Wednesday, 24 August 2016

Lights Out - The scoop and digest

Trivia attack.

What does this and The Babadook have in common?

They're both adapted from respective director's horror shorts.

James Wan helps produce David F. Sandberg's feature length debut.

Teresa Palmer - Rebecca
Maria Bello - Sophie
Gabriel Bateman - Martin
Alexander DiPersia - Bret
Alicia Vela-Bailey - Diana

At a mannequin warehouse, man is stalked and soon killed by an entity only visible in darkness.

Albeit in different setting, opening scene with co-worker Esther (Lotta Losten) basically re-enacts horror short.

Bitchy stepdaughter Rebecca unsuccessfully tries to drag brother Martin away from depression prone mother Sophie.

Boyfriend Bret makes canvas hum rancid.

Adults don't usually have 'imaginary' friends, but Sophie begs to differ.

Rebecca escapes unharmed during meeting with apparition and discovers 'Diana' scratched on room's floor.

When admitted to Mulberry Hills for depression, former mental patient Sophie befriended Diana who suffered from a rare skin disorder, rendering her extremely sensitive to light.

She died from overexposure during a medical experiment (as revealed in flashback when Rebecca finds Paul's box of research), and Sophie made the big mistake of discarding companionship like yesterday's chip paper.

As Sophie is her only connection to physical world, nasty ghost kills anybody attempting to cure negative state of mind.

Rebecca wants answers, but Sophie vehemently denies the truth.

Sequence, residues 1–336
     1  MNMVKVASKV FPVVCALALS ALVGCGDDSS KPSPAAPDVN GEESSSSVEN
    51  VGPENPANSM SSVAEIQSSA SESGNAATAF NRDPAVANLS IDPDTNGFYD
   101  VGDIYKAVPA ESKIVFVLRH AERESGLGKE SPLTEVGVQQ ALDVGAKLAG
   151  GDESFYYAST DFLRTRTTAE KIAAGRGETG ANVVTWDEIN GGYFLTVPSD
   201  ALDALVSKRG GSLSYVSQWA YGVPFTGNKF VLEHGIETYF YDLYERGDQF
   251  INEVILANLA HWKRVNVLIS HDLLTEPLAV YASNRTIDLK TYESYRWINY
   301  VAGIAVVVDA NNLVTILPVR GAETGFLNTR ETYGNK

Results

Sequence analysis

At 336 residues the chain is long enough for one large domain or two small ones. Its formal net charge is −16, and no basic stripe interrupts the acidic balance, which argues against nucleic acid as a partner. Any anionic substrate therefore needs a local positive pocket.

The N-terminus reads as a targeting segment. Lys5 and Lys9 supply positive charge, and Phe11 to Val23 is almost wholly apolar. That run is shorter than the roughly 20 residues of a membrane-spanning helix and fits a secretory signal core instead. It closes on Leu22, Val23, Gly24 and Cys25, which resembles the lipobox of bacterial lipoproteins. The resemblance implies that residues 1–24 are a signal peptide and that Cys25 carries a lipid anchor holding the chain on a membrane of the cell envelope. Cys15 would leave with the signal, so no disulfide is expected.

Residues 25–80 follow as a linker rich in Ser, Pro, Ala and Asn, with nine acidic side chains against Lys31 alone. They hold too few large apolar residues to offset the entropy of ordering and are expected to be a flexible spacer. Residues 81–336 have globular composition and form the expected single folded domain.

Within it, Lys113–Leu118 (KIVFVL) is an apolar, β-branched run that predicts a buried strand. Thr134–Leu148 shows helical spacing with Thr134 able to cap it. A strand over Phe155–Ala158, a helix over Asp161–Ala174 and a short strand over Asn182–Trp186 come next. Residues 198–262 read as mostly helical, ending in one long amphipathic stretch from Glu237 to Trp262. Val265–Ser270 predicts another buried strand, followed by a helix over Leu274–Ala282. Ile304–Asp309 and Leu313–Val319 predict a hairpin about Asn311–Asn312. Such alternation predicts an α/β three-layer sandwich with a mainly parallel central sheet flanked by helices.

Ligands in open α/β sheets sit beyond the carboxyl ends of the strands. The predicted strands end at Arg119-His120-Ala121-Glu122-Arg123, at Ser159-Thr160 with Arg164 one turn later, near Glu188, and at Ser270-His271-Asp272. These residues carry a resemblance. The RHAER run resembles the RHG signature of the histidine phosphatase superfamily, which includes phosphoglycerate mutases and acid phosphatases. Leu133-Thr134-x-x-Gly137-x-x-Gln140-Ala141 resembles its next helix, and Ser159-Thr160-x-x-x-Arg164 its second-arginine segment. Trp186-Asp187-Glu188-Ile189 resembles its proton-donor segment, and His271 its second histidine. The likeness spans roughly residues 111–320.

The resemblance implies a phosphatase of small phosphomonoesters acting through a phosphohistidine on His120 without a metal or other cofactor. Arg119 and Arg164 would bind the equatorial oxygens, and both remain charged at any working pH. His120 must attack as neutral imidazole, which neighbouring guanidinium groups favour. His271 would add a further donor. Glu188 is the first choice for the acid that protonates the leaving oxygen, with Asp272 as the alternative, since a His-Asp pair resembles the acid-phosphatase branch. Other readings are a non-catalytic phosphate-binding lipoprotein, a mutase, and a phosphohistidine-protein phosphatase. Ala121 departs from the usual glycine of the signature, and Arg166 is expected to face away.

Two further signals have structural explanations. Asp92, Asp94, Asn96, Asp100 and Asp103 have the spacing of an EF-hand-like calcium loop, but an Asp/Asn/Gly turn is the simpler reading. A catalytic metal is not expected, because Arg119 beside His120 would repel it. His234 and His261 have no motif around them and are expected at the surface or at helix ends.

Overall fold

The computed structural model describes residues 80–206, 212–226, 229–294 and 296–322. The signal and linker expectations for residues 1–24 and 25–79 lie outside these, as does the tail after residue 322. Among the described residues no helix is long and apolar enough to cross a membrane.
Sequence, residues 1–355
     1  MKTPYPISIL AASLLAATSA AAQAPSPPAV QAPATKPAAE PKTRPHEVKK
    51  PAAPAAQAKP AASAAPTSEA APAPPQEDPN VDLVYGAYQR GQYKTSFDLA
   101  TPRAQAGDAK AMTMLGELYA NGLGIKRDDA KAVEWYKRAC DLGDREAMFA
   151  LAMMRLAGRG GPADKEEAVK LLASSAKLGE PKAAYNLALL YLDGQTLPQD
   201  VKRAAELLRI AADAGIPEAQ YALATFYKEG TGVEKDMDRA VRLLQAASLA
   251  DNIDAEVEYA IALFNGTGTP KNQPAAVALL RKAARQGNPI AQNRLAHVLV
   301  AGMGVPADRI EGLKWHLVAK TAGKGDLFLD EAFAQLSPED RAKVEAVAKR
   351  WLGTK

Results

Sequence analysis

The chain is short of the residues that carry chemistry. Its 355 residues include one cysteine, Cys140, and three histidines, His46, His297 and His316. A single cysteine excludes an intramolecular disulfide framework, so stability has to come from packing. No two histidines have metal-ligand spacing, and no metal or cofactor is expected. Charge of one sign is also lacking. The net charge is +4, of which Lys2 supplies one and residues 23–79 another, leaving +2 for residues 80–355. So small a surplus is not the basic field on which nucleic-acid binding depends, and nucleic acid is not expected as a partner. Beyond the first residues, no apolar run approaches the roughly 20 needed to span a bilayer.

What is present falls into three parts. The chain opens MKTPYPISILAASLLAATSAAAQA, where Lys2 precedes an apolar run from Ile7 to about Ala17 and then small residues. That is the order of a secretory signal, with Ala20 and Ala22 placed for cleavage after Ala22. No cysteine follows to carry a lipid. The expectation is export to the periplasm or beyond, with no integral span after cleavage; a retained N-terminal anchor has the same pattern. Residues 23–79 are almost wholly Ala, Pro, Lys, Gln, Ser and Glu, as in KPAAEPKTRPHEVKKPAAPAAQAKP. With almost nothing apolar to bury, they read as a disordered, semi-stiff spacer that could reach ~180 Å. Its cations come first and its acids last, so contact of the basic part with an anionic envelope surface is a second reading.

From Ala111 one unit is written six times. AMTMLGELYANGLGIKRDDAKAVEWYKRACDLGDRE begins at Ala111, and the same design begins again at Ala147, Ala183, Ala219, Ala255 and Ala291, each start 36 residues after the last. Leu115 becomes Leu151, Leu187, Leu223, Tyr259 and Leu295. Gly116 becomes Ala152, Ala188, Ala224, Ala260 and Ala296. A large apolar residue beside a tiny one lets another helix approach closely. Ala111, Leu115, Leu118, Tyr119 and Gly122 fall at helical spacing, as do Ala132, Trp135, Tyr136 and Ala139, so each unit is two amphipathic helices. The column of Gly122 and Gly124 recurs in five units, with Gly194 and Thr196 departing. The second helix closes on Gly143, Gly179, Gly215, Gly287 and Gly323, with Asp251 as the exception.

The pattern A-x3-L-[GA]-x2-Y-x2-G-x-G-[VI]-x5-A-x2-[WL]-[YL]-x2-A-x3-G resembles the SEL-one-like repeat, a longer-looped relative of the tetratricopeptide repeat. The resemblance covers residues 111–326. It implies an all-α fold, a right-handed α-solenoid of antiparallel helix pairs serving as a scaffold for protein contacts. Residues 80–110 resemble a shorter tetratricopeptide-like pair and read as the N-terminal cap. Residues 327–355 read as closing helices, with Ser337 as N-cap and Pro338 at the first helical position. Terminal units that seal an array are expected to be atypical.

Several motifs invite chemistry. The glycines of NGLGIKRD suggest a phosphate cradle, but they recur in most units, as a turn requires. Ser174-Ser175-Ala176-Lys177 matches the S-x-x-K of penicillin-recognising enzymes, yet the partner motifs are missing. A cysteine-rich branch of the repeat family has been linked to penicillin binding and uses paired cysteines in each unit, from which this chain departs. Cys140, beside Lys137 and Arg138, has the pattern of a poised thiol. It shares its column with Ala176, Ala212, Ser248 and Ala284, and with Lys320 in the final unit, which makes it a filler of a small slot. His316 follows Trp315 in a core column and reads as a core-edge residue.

I guess she can't handle the truth.

Sophie passes Rebecca note reading 'I need help' and twigging Diana is controlling mother, lights are turned on.

Diana traps Martin and Rebecca downstairs and basement is enveloped in darkness.

Black light shows Diana's obsession with Sophie scrawled on wall and having already escaped, Bret brings police.

Excuse me, what the fuck are they gonna do?

Hmmm, perhaps less than nothing.

Sophie saves family via a bullet to the head which causes Diana to disintegrate and vanish.

In the aftermath, it's implied Diana may live on through Sophie's offspring.

Good but not great.

Time of day offers no protection from vengeful antagonist who's naturally the nucleus of precisely staged boo moments.

Build up is obvious, but Rebecca examining disfigured mannequins and Diana spinning around make neck hairs stand on end.

Scare tactics don't always work, as baddie suddenly appearing in close quarters or dragging somebody away wears anorexic.

Story has purpose, but poor script and lacklustre performances forces us not to give a monkey's toss about who survives and dies.

Okay, I felt some sympathy towards Sophie.

In truth, only lesser characters kick the bucket.

Here's a few titbits.

Lotta Losten helped with horror short, so why do credits claim otherwise?

Obscure deal made between husband and wife?

Diana isn't exactly fond of light and areas covered by darkness drain G's health in excellent last gen action video game Shadows of the Damned.

Martin's bedroom is a less than subtle advert for DC Comics.

Despite various imperfections, one of the best horrors in recent years already has a sequel confirmed.

Best keep a torch and shitload of batteries handy.

No comments:

Post a Comment

Copyright © 2012-2018 Nukes and Knives™ All rights reserved.